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Tokelau narrowly rejects self-government option in UN-supervised ballot

Tokelau narrowly rejects self-government option in UN-supervised ballot

Voters from Tokelau
Tokelau will remain a territory of New Zealand after the citizens of the three small and isolated atolls in the Pacific Ocean fell 16 votes short of gaining self-government in a United Nations-supervised referendum – the second such ballot in less than two years.

Some 446 of 692 valid votes cast during four days of balloting this week, or 64.4 per cent, backed the option for self-government in free association with New Zealand, according to results announced on Atafu, one of Tokelau’s atolls, yesterday.

This was not enough to meet the two-thirds majority required by Tokelau’s representative body, the General Fono, to change the status of the Non-Self-Governing Territory. New Zealand has administered Tokelau since 1926.

In a referendum on the same issue in February 2006, the self-government option attracted about 60 per cent of the vote. This time, 789 people of Tokelau’s estimated population of 1,500 were eligible to vote.

A five-member team of UN monitors observing the poll – which began on Saturday in Apia, Samoa, and continued on the three atolls this week – said the election process was fair, transparent and credible.

Ambassador Robert Aisi of Papua New Guinea, who represented the UN Special Committee on Decolonization (also known as the Committee of 24) on the monitoring team, said it was important to take pride in the nature of the election process.

“The Special Committee has long been in awe of the fact that this small community of 1,500 people has been fully able, amongst many other things, to manage its own budget, run its own public services, and take care of its own shipping service and telecommunication system,” he said.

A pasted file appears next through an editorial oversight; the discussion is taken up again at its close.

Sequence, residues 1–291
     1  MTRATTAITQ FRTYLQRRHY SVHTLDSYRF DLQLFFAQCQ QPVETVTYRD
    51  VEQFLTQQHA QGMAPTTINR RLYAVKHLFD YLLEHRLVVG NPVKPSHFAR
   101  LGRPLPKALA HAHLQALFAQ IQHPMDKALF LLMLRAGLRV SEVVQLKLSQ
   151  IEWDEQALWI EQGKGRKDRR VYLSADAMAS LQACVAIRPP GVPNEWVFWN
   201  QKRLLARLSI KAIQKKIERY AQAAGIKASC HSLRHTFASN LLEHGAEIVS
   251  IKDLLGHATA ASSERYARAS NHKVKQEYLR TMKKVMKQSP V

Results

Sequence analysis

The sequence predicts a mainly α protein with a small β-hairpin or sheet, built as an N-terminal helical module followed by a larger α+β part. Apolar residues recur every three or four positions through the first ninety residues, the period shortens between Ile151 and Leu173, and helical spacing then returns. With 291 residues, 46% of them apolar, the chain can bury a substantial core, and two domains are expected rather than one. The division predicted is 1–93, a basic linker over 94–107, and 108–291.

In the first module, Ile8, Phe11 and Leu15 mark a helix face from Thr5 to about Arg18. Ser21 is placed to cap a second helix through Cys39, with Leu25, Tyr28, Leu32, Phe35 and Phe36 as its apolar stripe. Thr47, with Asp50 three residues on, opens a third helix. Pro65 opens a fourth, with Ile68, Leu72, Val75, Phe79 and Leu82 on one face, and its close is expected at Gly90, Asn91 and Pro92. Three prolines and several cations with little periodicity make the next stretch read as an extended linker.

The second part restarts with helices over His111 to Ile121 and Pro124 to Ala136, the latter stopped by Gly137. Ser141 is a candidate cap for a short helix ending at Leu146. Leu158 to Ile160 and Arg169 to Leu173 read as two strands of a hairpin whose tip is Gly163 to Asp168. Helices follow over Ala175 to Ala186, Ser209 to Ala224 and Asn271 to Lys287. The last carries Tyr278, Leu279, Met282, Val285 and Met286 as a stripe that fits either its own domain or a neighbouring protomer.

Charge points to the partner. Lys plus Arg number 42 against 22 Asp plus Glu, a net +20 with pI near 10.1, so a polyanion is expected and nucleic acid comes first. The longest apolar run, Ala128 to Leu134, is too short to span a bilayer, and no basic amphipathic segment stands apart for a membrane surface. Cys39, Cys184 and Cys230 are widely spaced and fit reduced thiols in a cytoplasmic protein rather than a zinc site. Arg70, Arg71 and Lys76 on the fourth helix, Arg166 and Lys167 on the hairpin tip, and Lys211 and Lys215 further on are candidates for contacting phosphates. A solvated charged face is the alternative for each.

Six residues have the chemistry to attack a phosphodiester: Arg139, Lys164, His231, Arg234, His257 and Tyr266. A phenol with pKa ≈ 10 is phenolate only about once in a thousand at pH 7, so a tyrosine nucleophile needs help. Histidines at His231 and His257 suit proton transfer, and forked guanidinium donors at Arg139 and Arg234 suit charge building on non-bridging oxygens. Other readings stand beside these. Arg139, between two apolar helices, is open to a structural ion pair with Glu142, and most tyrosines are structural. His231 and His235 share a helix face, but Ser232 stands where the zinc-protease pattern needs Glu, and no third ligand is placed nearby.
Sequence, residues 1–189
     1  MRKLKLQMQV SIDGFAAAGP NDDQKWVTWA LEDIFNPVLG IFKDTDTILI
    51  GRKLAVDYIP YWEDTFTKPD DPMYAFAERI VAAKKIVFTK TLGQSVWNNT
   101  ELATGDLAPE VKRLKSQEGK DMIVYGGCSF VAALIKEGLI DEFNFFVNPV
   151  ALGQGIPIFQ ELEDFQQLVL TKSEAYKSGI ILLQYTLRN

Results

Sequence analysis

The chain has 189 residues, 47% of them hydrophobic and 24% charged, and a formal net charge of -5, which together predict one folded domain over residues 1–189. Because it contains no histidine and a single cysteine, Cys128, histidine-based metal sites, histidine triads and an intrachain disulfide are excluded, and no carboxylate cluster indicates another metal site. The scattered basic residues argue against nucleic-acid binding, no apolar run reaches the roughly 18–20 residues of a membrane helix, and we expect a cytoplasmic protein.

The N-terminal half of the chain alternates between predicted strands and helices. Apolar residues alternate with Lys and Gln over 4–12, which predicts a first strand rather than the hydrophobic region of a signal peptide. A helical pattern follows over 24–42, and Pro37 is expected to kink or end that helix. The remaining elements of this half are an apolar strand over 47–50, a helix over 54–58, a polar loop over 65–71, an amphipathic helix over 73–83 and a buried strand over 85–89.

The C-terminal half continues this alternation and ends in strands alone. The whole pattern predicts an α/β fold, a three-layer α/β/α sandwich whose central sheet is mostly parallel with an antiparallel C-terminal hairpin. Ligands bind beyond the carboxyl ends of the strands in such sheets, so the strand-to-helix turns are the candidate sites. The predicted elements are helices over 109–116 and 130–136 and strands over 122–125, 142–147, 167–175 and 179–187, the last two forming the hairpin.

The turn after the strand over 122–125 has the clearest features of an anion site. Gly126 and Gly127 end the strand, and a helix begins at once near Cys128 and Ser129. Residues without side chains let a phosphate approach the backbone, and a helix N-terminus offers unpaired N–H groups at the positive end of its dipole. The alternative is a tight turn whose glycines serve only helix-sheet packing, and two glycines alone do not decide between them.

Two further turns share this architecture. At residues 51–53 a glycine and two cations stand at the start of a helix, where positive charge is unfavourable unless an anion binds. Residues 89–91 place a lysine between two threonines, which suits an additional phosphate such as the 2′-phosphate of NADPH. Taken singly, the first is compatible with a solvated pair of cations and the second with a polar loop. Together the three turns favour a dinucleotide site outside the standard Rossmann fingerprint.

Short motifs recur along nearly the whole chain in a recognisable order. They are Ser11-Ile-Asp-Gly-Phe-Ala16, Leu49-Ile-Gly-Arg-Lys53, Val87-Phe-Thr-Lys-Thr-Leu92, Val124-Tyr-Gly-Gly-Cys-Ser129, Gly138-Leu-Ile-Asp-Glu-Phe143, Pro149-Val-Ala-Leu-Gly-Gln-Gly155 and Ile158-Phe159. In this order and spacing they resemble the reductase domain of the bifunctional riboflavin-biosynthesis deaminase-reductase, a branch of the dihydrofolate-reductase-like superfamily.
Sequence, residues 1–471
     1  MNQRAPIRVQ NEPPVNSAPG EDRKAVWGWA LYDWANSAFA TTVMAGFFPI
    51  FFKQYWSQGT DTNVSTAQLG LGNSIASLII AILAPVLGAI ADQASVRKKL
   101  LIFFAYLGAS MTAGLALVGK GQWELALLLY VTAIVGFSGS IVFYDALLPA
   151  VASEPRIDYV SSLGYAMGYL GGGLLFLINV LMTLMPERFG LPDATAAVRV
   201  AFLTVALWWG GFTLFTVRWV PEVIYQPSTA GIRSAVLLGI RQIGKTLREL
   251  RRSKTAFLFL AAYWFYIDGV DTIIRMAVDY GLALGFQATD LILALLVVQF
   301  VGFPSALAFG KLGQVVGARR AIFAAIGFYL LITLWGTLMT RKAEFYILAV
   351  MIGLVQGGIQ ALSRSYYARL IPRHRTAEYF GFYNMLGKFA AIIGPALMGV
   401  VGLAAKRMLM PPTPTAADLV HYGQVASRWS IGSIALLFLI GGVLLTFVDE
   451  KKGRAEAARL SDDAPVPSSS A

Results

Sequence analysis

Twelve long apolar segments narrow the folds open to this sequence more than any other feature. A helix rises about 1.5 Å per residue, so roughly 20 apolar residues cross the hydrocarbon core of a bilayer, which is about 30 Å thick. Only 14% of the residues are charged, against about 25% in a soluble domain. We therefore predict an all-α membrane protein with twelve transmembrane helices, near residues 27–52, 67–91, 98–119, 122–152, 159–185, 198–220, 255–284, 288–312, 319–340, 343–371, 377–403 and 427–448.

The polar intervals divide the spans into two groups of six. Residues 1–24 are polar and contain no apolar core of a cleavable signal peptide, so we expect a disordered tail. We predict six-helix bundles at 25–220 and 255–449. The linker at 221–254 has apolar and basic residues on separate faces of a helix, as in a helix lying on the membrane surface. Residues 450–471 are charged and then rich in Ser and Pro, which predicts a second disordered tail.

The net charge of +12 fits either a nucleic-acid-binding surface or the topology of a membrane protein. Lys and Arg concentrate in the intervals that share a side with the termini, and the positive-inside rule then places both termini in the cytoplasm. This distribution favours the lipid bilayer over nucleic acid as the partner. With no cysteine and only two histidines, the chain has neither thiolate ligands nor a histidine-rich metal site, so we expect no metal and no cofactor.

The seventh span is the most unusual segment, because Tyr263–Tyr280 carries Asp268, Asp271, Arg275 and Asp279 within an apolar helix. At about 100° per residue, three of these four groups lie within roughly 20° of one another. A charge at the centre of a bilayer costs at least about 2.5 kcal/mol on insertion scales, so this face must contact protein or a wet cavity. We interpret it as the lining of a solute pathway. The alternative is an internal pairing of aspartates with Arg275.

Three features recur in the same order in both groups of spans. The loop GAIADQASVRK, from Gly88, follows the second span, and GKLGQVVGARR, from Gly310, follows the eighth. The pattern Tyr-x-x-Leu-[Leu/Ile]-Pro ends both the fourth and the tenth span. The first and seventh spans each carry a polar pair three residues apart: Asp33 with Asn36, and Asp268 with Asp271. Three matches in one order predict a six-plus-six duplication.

“At the same time, Tokelau has been playing a role in regional affairs and managing relationships with its Pacific neighbours, not to mention being a member of a number of regional and international organizations and groupings. This all represents a series of achievements of which Tokelau can be very proud.”

In a statement released by his spokesperson, Secretary-General Ban Ki-moon said he took note of the results and respected the decision of the people of Tokelau.

“It is important that the people of Tokelau have had this opportunity,” the statement said, adding that New Zealand also deserved commendation “for its exemplary commitment and cooperation in this process.”

New Zealand’s Administrator of Tokelau, David Payton, said it was now up to the Tokelauan community to determine how it wants to move forward following the vote.

Tokelau, which lies about 500 kilometres north of Samoa in the Pacific Ocean, has a land mass of approximately 12 square kilometres.

There are currently 16 Non-Self-Governing Territories remaining on the UN’s decolonization list, compared to 72 such territories when the Organization was established in 1945. The last Non-Self-Governing Territory that exercised the right to self-determination was East Timor, now known as Timor-Leste, which gained its independence in 2002 and joined the UN that same year.